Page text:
Aunt Alexandria was then trying to get Atticus to fire Calpurnia and Atticus refused and said that Calpurnia is a member of this family and that she would work there as long as she wanted. Atticus asks for more details about the struggle, then he asks many questions which Mayella doesn't answer: Why didn't the other children hear her screaming? The Finch family is all white, but Jem considers that during Biblical times, it is possible some of their ancestors came from Africa. Jem feels reassured knowing where his father is, but as they are about to head home, four old cars come into town. The Finch family and Dill head home. Scout and Dill decided to forgive Jem mainly because Dill had to sleep in the same room as him.
Radley, and Scout plays Mrs. For the children at this point in the story, bravery means nothing more than accepting a dare to touch the Radley house. The Cunninghams must keep the farm running in order to survive, and because the school system does not make any accommodations for farm children, there is a self-perpetuating societal cycle for farm families to remain uneducated and ignorant. Cunningham to say hello to his son shows how truly unaware of the situation she is. When they return home, their Aunt Alexandra is waiting for them, which isn't a pleasant surprise. Her character serves as the bridge between two worlds, and the reader develops a sense of her double life, which is split between the Finch household and the black community.
The boys want to try a back window instead, despite Scout's pleas to leave. Scout loses Jem as a regular playmate, causing her to fume. Moreover, Aunt Alexandra tries to make Atticus fire Calpurnia, but he refuses on the grounds that she's done an excellent job of running the house and raising the children, and the children love her. Scout wonders out loud why Mr. Though the other boys were sent to industrial school for punishment, and ironically received excellent educations, Arthur Radley's family preferred to keep him hidden inside the home. Ewell is allowed to hunt out of season because he is known to be an alcoholic who spends his relief money on whiskey - if he can't hunt, his children may not eat. Jem and Scout watch from inside.
Aunt Alexandra believes the Finch name to be a proud one, and she wants Jem and Scout to believe the same. Ewell claims that he heard Mayella screaming when he was coming in from the woods with kindling, and that he ran to the house to find Tom Robinson having sexual intercourse with her. Once her got to the house he hid under the bed for hours. Atticus asks her to understand the situation from Miss Caroline's point of view - Miss Caroline can't be expected to know what to do with her students when she doesn't know anything about them yet. When Tom Robinson walked by, she asked him to do it for a nickel. The children stay a safe distance away so Atticus won't notice them. Chapter 18 It is now Mayella's turn to be a witness.
Why is Scout mad at Jem? They have some fun, and eat dinner But then his mother calls him home. From the children's point-of-view, their most compelling neighbor is Boo Radley, a recluse whom none of them has ever seen. Scout tries to persuade him that it would be better to get whipped by Atticus than to be shot and killed by Mr. Atticus:He comprehends that racism is bad and because of that he treats everybody the same and is brave enough to defend Tom Robinson in court. At lunchtime, Miss Caroline asks everyone who isn't going home for lunch to show her their lunch pails. Newcomers arrived rarely, and when a new person married a Maycomb family, the new genes were noticeable.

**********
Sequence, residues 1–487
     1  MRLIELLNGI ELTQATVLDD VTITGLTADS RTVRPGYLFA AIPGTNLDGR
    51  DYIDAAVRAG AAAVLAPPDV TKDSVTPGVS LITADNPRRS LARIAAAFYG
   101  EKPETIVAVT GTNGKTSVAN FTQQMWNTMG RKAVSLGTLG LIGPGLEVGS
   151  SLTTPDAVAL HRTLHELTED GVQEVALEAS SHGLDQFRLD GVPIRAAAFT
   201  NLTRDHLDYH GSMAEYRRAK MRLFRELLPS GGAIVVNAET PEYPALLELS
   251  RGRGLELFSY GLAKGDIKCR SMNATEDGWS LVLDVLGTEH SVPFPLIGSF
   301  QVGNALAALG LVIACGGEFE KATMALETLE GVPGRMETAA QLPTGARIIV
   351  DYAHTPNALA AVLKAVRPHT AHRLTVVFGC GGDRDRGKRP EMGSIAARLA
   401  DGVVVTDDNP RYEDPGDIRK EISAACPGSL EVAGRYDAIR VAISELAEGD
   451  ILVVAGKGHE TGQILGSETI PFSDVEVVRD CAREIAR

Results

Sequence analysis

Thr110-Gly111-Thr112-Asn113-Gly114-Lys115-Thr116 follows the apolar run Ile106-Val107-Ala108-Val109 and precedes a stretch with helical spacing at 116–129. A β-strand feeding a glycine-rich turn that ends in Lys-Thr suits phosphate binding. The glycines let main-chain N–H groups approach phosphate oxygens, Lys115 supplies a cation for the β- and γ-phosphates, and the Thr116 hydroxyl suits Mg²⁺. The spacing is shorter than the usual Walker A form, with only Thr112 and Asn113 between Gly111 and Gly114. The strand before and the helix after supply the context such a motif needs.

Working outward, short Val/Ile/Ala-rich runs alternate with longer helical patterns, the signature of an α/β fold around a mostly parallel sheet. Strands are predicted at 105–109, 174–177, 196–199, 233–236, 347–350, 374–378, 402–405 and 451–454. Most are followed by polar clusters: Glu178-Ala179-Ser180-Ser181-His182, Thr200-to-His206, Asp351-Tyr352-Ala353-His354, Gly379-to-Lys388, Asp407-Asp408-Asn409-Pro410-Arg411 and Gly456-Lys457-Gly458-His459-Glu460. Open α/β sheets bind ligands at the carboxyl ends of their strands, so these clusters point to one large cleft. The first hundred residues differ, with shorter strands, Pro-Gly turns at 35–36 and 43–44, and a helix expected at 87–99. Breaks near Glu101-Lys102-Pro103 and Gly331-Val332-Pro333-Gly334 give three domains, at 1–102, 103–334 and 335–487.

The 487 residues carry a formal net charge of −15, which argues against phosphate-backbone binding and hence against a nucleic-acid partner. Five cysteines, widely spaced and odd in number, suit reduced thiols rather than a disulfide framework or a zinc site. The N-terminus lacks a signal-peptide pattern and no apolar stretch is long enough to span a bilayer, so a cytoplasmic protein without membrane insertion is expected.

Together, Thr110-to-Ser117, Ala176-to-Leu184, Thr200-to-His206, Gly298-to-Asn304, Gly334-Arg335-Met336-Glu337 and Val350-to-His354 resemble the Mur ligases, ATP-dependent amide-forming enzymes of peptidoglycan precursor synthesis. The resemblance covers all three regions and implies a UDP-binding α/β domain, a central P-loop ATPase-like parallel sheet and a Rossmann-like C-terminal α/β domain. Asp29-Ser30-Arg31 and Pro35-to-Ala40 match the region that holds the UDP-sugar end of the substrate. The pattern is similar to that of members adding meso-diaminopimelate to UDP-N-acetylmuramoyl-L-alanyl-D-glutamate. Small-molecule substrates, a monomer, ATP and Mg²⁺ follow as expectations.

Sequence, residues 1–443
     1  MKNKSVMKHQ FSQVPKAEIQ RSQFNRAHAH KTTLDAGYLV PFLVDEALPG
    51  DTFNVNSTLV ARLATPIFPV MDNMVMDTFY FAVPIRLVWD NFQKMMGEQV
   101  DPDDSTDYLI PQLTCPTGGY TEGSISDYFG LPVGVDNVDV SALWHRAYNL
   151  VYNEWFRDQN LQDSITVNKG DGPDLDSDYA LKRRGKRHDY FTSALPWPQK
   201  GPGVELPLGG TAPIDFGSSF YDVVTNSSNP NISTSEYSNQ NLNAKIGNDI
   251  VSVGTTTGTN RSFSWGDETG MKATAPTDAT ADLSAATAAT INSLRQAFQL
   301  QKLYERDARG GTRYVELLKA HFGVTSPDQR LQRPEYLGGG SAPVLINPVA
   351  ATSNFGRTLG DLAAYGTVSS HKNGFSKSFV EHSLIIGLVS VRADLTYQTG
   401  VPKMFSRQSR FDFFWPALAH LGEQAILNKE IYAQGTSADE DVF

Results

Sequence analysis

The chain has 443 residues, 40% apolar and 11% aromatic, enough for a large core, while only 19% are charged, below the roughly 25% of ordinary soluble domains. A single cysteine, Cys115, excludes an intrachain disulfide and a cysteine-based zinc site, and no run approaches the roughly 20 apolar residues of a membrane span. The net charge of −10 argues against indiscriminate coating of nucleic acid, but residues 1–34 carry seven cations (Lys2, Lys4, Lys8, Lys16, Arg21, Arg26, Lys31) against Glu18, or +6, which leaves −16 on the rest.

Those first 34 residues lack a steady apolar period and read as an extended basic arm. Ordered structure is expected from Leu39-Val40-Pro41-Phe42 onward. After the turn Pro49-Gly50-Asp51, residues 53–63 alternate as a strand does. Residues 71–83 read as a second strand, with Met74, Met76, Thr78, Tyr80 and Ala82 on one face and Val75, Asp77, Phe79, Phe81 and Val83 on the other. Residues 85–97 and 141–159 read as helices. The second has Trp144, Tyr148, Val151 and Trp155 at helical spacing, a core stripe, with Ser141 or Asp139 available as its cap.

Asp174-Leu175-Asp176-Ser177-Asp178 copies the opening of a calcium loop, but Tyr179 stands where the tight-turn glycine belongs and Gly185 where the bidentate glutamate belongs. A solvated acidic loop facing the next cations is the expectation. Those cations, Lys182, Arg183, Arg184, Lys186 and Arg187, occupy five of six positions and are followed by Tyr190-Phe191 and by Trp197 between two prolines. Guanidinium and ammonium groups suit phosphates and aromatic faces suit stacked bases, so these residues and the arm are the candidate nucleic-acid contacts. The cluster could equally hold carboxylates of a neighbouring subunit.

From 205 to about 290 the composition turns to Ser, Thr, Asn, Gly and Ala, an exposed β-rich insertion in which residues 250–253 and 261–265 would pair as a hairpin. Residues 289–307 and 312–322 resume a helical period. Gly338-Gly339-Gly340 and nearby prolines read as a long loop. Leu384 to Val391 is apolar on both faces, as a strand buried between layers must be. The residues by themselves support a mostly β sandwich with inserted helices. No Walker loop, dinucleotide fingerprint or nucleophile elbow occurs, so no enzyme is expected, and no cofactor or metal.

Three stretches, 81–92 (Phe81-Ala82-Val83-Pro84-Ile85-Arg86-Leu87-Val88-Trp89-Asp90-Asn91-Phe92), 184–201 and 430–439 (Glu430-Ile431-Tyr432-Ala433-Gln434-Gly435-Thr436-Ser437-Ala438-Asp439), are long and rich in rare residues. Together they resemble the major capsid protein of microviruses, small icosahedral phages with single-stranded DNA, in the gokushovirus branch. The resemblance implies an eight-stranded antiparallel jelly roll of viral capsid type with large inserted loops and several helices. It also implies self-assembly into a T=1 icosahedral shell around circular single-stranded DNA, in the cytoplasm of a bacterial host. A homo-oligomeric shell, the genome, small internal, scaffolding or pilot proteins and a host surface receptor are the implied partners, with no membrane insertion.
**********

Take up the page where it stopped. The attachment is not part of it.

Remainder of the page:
. However, Jem can remember his mother and Scout notices that he is occasionally nostalgic about her. The court rests for ten minutes, but no one leaves the courthouse Analysis Aunt Alexandra's views typify the general consensus of traditional assumptions held by the Maycomb community. In Chapter 4, we see that the schools have attempted to teach children how to behave in groups and how to be upstanding citizens, but Scout notes that her father and Jem learned these traits without the kind of schooling she is getting. Then Scout receives word that Dill is staying in Meridian this summer, and Atticus is called to an emergency session of the legislature.
What did Scout tells Mr. Ewell, asking whether a doctor was called, and Mr. Dolphus Raymond drinking liquor from a paper bag and sitting with the black people. It is indeed a confusing time for Scout. He has been unhappy with his life and the lack of attention his parents have been giving him, so he took himself on the train to Maycomb.
Glossary Shadrach Bible one of the three captives who came out of the fiery furnace miraculously unharmed: Dan. She fails to recognize that issues of race are at play. This chapter builds the trial's suspense quite significantly, as the reader begins to understand Atticus's situation. The chapter introduces the Ewell family, who will figure heavily into the latter part of the book. In the corner of the yard there are some geraniums planted in slop jars by Mayella, which appear to be the most cared for living things on the property. The novel takes begins during the summer. All the other children in the class understand this: growing up in this setting teaches children that people can behave a certain way simply because of the family or group that they come from.
He and Scout get into a fist fight, which Atticus breaks up, saying that Scout doesn't have to obey Jem unless he can make her do so. Of course, Scout considers Calpurnia to be a sufficient feminine influence. When Scout goes to her room, she sees something under her bed. In the packed courthouse, the children have trouble getting seats until helps them find seats upstairs in the balcony where the black people sit. Where does Dill stay the night? Instead, she simply answers their questions, and lets them figure out the rest.